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Louise Bourgeois

Observer is part of a series of life-size sculptures called Personages that Louise Bourgeois created between 1945 and 1955. Symbolizing individuals from the artist’s past, the figures' thin verticality evokes the fragility of the human condition, a common theme in the arts of the postwar period.

Bourgeois rejected being associated with the Surrealists and remained an outsider to the art world during the flourishing of abstraction after World War II. Yet her work shared commonalities with both movements, including the visual exploration of memories and other psychological forces. One of the defining characteristics of her work is its deeply emotional subject matter, often autobiographical, that references familial relationships and the desire for belonging.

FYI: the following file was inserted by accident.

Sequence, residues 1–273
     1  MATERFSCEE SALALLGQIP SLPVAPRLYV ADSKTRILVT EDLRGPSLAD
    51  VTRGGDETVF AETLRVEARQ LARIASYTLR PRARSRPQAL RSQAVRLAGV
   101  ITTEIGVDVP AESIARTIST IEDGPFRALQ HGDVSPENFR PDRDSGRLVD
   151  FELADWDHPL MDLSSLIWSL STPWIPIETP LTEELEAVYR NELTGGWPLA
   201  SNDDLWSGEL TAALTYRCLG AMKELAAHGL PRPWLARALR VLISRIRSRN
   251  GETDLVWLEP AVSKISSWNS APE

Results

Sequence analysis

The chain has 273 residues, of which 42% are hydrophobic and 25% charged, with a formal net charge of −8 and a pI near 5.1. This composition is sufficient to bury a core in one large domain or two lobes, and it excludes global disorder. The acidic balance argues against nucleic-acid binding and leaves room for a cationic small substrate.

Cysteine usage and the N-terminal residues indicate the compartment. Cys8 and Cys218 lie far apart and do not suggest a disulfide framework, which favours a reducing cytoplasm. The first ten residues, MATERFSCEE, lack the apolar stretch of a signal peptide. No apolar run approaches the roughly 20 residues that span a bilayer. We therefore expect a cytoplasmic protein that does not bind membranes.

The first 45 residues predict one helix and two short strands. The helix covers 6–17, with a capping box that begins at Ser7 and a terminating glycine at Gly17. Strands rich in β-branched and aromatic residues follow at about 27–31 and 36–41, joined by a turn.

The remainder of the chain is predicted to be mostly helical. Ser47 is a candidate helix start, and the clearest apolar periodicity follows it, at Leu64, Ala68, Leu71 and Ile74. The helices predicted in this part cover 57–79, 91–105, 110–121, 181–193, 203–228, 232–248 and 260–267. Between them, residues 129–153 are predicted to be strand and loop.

Throughout her career, Bourgeois created sculptures from a variety of materials, including stone, bronze, plaster, and rubber. Observer was first carved in wood and subsequently cast in bronze, retaining the appearance of the earlier version.

Louise Bourgeois
Paris, France 1911–New York, NY 2010
Observer 
Painted bronze, 1947–1949; cast 1987
76 1/4 x 29 x 10 1/8 inches
Sheldon Museum of Art, University of Nebraska–Lincoln, Olga N. Sheldon Acquisition Trust, U-4087.1988

Barnett Newman, Horizon Light, 1949; Observer; and Norman Lewis, Untitled, 1958; in the Sheldon exhibition Now's the Time, 2017.